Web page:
Fancy Coffee Friday: Hero Worship?

The Amusing Muse Fancy Coffee Friday: Hero Worship?I’m going to start off with this: last Friday sucked in a very, very bad way.

Mr. Muse met me for our breakfast date with a “Hello,” and “Wow… Anthony Bourdain killed himself, huh.” I realize that to the average reader, this reads as a callous observation, but let me assure you it wasn’t it. My response was less classy, “Are you fucking kidding me?!” He said that he figured I was listening to NPR (I was listening to my newest audio book) and that I would have heard. I sat for a moment and absorbed that information, murmured a soft, “Well…. Fuck,” and carried on with the breakfast date.

And as the day progressed, I thought about why I was affected by this celebrity death and not by the myriad of other celebrity deaths, and it came down to one thing: I think Anthony Bourdain was my hero.

That’s a huge thing for me to say, to myself or to anyone reading this blog. The last celebrity whose career I followed this closely was Bugs Bunny when I was a devotee of, and never missed a Saturday morning, Looney Tunes. My obsession went so far as me grabbing a carrot to eat while I watched. (For what it’s worth, I often watched while upside down on either the couch or in the recliner. I don’t know what that means about me, but… I was a kid and it’s what I did.)

When I talked about wanting to write more, a friend asked me in whose style I would want to be most like aside from my own. My response: Anthony Bourdain. I clarified that it was because he appeared in every way to be genuine, authentic, unapologetically sincere and blunt and crass and with a rough finesse that I found endearing in his shows. He was a celebrity who I was certain that if I ever met him, I wouldn’t be disappointed in the reality of them.

From what I’ve read over the last week – I suspect my theory to be correct.

I glommed onto watching his television shows early. The premise was fascinating to me because, though I watched Food Network, his show wasn’t necessarily about the food, though food always played a part. It was about humanity. It was about Us. The capital ‘U’, Us. It was a program that showed Us, that we humans are all just trying to live, to get by, and as much as we are different – we’re the same. He reminded us that we could have fantastic conversations with people who hold fundamentally different opinions from ourselves and be better for it.

He did not skim the touristy surface of locations which he visited. We got to see it all. He spoke to people as equals, and it didn’t matter what their background was. He wasn’t disingenuous. He was sincere. Those who watched his show welcomed him into our homes to show us parts of the world near and far, of cultures removed from our own, if even by only a few hours.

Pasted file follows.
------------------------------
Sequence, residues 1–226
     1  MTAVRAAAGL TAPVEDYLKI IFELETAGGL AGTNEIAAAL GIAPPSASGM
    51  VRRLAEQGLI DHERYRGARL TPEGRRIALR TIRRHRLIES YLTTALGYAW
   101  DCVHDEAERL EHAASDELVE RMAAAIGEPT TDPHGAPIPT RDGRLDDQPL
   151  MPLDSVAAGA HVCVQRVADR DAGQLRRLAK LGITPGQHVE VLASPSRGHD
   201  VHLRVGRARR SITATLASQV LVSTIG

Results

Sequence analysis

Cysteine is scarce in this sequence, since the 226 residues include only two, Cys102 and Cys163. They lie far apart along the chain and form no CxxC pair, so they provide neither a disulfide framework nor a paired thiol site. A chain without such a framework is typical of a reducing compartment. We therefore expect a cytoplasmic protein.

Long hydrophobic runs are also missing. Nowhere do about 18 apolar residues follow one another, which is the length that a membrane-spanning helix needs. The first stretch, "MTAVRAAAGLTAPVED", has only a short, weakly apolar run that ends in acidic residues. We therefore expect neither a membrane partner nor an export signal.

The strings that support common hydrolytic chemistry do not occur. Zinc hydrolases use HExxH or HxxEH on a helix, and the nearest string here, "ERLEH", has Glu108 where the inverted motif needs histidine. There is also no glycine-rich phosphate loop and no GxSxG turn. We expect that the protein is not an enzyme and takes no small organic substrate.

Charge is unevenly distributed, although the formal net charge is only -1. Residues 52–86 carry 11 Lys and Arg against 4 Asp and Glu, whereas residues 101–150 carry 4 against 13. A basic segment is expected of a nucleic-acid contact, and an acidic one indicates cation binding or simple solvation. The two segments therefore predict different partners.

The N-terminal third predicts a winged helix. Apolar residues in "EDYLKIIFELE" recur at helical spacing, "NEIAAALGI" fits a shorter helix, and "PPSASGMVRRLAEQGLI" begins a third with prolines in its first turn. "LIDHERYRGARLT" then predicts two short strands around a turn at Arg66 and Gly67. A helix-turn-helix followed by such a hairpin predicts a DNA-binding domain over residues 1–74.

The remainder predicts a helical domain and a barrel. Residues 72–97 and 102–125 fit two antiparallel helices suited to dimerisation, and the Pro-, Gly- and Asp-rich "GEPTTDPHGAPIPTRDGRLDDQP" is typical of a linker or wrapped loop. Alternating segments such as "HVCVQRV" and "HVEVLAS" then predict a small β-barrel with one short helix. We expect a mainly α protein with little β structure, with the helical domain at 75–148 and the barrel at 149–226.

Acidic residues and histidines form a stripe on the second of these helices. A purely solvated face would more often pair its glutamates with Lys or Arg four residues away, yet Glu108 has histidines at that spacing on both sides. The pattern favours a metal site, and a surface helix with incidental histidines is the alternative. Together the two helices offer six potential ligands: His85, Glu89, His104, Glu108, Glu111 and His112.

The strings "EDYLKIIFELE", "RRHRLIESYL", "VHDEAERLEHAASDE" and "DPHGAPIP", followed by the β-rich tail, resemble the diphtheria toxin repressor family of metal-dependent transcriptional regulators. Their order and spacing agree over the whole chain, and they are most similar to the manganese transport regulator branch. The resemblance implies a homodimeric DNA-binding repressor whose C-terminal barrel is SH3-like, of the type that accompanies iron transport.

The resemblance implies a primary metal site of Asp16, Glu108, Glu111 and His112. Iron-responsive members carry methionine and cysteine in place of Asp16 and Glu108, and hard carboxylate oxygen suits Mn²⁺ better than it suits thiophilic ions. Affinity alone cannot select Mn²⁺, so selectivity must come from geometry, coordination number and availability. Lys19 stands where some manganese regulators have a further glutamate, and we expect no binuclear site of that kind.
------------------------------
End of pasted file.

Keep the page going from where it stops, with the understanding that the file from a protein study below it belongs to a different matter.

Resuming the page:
And, so, I found myself in the car last Friday afternoon, driving along, and mourning a soul who’d left before the rest of us were ready. I sang along with my heavy metal-to-pop play list and cried when certain songs played, the lyrics about loss and tragedy.

I grieved as I realized that I’d lost a hero I didn’t know I had.


The Amusing Muse is a writer, blogger, Office Ninja, and sometimes model living in Southern Wisconsin. She has to thank Anthony Bourdain for introducing her via his television program to Queens of the Stone Age, more travel ideas, and resolve to be absolutely authentic in who she is. She can only hope that when she travels, and writes about it, that she can translate that same attitude of curiosity to her readers and he did to his viewers.

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About The Amusing Muse

Deep thinker whose mind operates at warped speed. Philosopher pondering the big (and little) things in life. Storyteller. Office Ninja. Model. Teller of bad jokes. User of big words.
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2 Responses to Fancy Coffee Friday: Hero Worship?

  1. John says:

    I was on my way to work, driving along, thinking “wow, it’s Friday, it’s gonna be a great day,” when the news broke. I had to pull over. I watched his show when I caught it, but yeah – everything about what he did made me want to be more like him. As Drew Magary wrote, despite what Corona might say, Anthony was the world’s most interesting man.

    And the world is a far sadder and less-interesting place now.

    • Agreed. I think the world needed him as he was able to bridge the gap between many factions, but, perhaps that is why he chose to leave when he did. Perhaps the need was too much?

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